But then I think about actions I can take and one’s I’ve already taken. Over time I’ve realized that our one farm cannot change agriculture in America just as our one family cannot fix a whole community. We can only take the actions before us and consider the greater good. 

For me, this has brought me to my latest project: A collaborative farm stand at Manna Food Co-op. It’s not just a farm stand for the use of Lida Farm, but open to other growers and artisans associated with the co-op. It’ll be a nice addition which just won’t give producers a sales outlet, but, I hope, build a little community on-site as we do some Friday evenings farmers markets there. 

To date I’ve been gathering partners and ideas to launch it. A group of Amish builders are constructing this timber-framed building and we’ve been in conversation the co-op and other growers on how this could work. I just need to pull in a little more funding to make it work. I think the idea is a good one and I hope will be one more step to helping to make the world a little bit more cooperative and filled with good food.

Please read about the project and consider sharing and contributing at this kickstarter page at


A New Year and New Committments

The plane touched down in Minnesota. The air was crisp and dry. The energy of New York City closed off our 2018 with fireworks, but coming back into the terminal and seeing a bunch of boring Midwesterners in brightly-lit and orderly MSP felt good. I felt a sigh of relief.

20181225_152630A week ago, Amtrak brought our family through a cross-section of the US. A whistle stop in Winona. A quick hike through downtown Chicago. A two-hour romp down the mall in Washington DC before pulling into the glorious chaos which is New York City. We enjoyed the subway and people-watching, no doubt. We contended with crowds, witnessed a police raid, and ate really awesome pizza. The kids are a bit more street-smart, no doubt.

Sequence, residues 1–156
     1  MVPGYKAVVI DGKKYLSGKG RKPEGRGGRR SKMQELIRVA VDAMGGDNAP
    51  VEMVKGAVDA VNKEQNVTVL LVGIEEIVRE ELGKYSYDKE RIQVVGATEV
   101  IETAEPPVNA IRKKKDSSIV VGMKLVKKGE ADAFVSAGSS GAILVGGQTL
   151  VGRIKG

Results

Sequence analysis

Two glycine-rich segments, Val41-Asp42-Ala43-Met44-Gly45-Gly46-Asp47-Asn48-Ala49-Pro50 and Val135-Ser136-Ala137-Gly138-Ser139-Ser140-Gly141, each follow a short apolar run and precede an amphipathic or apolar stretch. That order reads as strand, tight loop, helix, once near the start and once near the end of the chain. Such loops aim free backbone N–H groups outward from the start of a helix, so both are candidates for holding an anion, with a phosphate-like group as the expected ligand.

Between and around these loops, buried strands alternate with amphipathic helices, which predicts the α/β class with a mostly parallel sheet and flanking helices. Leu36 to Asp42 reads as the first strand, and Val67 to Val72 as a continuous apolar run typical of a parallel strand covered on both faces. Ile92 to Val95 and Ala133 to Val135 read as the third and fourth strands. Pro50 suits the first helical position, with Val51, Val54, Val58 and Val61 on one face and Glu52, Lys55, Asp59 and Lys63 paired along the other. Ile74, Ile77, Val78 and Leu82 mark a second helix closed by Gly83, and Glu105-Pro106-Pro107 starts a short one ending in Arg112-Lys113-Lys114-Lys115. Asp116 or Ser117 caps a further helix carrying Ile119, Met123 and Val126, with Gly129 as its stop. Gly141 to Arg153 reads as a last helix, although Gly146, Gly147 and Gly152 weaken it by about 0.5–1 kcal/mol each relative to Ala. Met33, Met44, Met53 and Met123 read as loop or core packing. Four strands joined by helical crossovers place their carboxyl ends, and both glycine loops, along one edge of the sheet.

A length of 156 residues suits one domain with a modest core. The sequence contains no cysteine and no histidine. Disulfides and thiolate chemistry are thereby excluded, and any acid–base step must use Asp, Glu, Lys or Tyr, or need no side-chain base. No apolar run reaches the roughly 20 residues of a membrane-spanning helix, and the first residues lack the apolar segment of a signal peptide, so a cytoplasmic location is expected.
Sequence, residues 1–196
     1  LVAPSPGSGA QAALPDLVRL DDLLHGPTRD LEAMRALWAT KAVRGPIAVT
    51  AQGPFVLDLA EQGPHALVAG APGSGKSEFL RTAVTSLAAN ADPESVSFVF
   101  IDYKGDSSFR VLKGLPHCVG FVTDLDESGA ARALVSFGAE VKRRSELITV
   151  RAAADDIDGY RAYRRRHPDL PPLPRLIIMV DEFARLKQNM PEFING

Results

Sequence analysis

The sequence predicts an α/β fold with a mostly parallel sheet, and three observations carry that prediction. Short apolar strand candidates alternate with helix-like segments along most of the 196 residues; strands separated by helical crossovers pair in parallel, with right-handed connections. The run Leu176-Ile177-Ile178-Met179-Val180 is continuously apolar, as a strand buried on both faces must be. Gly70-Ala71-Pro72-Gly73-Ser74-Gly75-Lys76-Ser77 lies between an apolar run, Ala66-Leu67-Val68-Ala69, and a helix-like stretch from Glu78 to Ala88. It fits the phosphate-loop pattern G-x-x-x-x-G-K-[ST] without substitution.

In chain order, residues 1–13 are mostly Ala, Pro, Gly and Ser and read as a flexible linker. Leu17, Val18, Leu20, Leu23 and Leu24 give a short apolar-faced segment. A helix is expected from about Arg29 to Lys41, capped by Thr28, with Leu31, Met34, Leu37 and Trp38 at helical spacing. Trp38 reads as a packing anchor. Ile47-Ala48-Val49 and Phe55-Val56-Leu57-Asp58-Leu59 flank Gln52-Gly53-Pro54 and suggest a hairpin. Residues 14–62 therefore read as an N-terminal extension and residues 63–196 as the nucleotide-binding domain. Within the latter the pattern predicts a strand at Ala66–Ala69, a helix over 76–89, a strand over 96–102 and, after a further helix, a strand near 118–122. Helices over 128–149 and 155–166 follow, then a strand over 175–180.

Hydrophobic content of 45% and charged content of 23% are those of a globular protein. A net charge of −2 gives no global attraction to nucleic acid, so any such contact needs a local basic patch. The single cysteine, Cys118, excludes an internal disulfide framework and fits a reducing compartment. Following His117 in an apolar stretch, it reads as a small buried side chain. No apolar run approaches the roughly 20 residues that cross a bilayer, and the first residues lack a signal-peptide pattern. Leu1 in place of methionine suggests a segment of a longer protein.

Back in my subzero home, not unlike all of you, I’m reflecting on the year and setting intentions for the new one.

I think we found a nice pace to farming in 2018. A little organization gave the season a flow while still pumping out some great produce. I should kick back and celebrate this new-found ease after so many years of pushing, but I’m an accomplishment junkie. I’m now dreaming up projects so I have a new mountain to summit. Still, I’ve begun to think about farming more of a practice than a series of tasks. As I eye 2019, I would like to continue the practice of soil building. Last year we produced just as much stuff on four acres as we did on five acres in 2017. If we are to continue this march to greater productivity we need to better manage fertility to make every square foot count.

My farming ambitions were in check in large part because I dumped so much time into Manna Food Co-op and rode all the ups and downs of a start-up retail storefront. We experienced the highs of a huge sales day at Mannafest, a successful search for new employees, and the opening of the deli—where you can get the ever-popular Ryan’s Green Machine 🙂 We also felt the lows of leadership changes, labor stresses, and worry about making payroll. As the guy who writes the checks and jumped into the fray to help manage the store during the summer, I must say that I’m stronger for the experience and grateful for the many people who have taken us this far – all board members, suppliers, staff, and customers. I think slowly but surely we’re building something good.

20181028_183650-1One of my personal intentions for 2019 is to re-commit to the local businesses and people that transform the pretty landscape in which we live into a really cool and interesting place. If we want a strong local community, we need to commit to being part of that community, not live with one toe in and our hearts focused elsewhere. The universe produces lots of things that pull our attention not only from community life, but even our own families. I hope I can make 2019 a year of reconnection, a time of living my ideals.